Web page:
It is calm, grey day as our rented mini-van pulls into the gravel parking lot of Le Village Historique Acadien. Three of my fellow crew members and I have been invited to explore this recreation of an early 20th century French Acadian village overlooking Pubnico Harbour in southwestern Nova Scotia. As I travel aboard Hōkūleʻa, I try to search for connections between where we are and where she has been. We are far from her home in Hawaiʻi, and sometimes it seems that it might be difficult to see the relationships between two cultures on entirely opposite sides of a very large planet. However, after exploring the grounds around Le Village, I can very clearly see the connection between the French Acadian and Polynesian cultures.
Arriving in the mid 1600s, the French Acadians settled in western Nova Scotia, living modestly by farming and fishing. They had a positive relationship with the indigenous people, the Mi’kmauq, who taught the Acadians how to live in the sometimes harsh environment. However, in the late 1700s, these settlers were forced to leave their homes after the British took claim of the land. Tragically, during the deportation, over half of the Acadians died. Of those who survived, a few managed to eventually travel back to their homes in Nova Scotia. Our guide Aldric’s, last name is d’Entremont, a common family name among the Acadian population of this area. He is excited to share his knowledge of the region, and continues to chat and tell stories as we enter the visitor center.
Our first stop in the historic village is the Charles Duon House, a house that was at one time home to an Acadian family. Over two generations, the modest home saw over 20 children live within its walls. I am reminded of the canoe; four children sleeping in one bed, eight sharing a room, is not far from what I experience with my brothers and sisters aboard Hōkūleʻa. We share space because we have to and, while this could easily tear us apart and cause us to bicker, I find that it brings me closer to my fellow crew.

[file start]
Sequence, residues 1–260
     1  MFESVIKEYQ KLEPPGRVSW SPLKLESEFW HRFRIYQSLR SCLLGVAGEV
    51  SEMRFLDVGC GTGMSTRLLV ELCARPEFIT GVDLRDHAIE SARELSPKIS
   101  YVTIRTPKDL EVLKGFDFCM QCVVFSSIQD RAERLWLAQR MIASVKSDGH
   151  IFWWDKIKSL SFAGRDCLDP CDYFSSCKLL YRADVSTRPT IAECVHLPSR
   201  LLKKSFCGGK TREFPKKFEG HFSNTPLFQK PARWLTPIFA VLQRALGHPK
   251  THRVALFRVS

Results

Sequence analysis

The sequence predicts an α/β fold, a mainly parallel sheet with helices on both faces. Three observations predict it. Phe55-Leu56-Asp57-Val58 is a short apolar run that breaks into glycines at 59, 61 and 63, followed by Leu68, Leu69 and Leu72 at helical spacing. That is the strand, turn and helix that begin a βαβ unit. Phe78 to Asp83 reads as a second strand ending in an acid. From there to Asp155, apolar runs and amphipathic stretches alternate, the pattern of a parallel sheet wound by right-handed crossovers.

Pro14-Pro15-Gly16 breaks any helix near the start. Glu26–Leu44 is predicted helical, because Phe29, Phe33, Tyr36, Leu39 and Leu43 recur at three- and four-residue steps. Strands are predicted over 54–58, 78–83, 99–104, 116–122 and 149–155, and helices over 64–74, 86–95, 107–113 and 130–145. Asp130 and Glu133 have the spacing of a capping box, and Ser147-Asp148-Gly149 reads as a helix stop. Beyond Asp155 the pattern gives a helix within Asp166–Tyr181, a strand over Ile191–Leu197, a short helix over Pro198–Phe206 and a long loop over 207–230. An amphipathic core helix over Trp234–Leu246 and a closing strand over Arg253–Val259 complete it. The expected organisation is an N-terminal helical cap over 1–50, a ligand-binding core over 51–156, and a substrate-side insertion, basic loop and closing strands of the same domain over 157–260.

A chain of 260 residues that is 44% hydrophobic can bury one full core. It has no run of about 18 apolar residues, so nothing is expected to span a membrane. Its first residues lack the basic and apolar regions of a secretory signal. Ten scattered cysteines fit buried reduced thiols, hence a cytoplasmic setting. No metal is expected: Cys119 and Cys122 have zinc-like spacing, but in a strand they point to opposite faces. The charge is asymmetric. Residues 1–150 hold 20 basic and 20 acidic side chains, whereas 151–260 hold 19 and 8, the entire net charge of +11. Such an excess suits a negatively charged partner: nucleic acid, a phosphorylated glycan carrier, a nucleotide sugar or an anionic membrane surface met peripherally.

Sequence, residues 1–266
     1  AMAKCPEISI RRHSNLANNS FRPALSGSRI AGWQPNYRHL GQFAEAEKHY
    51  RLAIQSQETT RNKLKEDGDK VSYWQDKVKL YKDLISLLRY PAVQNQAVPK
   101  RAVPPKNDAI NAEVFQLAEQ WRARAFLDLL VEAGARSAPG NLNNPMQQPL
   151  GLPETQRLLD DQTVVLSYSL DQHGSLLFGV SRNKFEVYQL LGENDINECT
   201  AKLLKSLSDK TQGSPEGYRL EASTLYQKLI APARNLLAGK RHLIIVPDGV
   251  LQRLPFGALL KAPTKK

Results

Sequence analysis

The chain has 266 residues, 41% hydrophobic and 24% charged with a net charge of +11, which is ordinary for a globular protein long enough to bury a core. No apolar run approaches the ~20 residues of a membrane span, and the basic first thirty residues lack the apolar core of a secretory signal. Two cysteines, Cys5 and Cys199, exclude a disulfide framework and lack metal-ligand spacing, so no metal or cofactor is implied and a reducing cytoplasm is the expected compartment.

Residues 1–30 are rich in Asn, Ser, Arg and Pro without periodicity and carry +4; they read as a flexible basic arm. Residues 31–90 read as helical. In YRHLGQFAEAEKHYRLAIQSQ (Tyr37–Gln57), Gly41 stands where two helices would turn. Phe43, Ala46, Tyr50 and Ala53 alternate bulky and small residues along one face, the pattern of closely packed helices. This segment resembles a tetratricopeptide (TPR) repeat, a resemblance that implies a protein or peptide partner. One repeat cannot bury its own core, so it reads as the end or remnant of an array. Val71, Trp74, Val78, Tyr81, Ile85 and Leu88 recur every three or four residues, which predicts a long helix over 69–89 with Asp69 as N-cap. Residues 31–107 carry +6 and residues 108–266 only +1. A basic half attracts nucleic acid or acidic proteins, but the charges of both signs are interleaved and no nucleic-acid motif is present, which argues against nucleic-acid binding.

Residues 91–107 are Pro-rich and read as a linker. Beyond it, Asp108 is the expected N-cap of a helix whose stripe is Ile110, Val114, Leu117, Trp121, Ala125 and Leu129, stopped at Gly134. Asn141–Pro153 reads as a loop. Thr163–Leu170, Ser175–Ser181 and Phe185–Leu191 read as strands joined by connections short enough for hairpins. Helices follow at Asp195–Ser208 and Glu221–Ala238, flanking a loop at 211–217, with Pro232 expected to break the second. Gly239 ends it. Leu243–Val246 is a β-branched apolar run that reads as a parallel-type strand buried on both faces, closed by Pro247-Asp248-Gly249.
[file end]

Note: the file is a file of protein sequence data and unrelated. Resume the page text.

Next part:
We take the tour down the road to the Rueben Trefry Blacksmith Shop. Inside, a re-enactor tends the forge, heating metal to high temperatures to make the tools that would be needed for basic survival in the 1800s and 1900s. Somethings as simple as a fishhook, a tool that can easily be bought at a store today, were delicately made by hand here, where metal is heated, stretched, and manipulated until it forms the familiar shape used for catching fish. In modern times, GPS is used to navigate; we hardly even have to think about direction. Those who sailed aboard canoes 2000 years ago did not have it as easy, but managed to master the art of navigation using stars, swells, and other cues from nature. It wasn’t as easy as using a GPS, but they managed to thrive through hard work and skill.
We walk to the edge of harbor, and stare out across the salt flats. It is easy to picture Acadian settlers toiling away in the inlets, pulling lobster pots and fishing for Haddock. In the distance are piles of “hay”, collected from the salt marsh plants. According to our guides, these plants were much too salty for horses to eat. However oxen, which have two additional stomachs, are able to digest the salty reeds and grasses. Acadians relied on the oxen to perform the majority of the tasks that a horse would otherwise be used for. This example suggests that these people learned about their environment from the indigenous people, and used this knowledge to survive and flourish. I can see a parallel here with Polynesian culture, where understanding the resources available is crucial to living on an island. You shouldn’t catch too many fish, you shouldn’t waste all of your water, you should destroy you land when you live on an island; if you do, you will not survive.
Upon leaving Le Village, it is clear that the staff of the small historical town have a mission that is very similar to ours aboard the canoe. All of the staff are Acadian themselves, and some are even related to the d’Entremont family. The connection these people have to Le Village is like our connection to the canoe; we want to share the culture, the language (Acadian is a specific dialect of French found only in Nova Scotia), and the history so that it may never be forgotten. Their canoe doesn’t float, but its story should be heard all the same.
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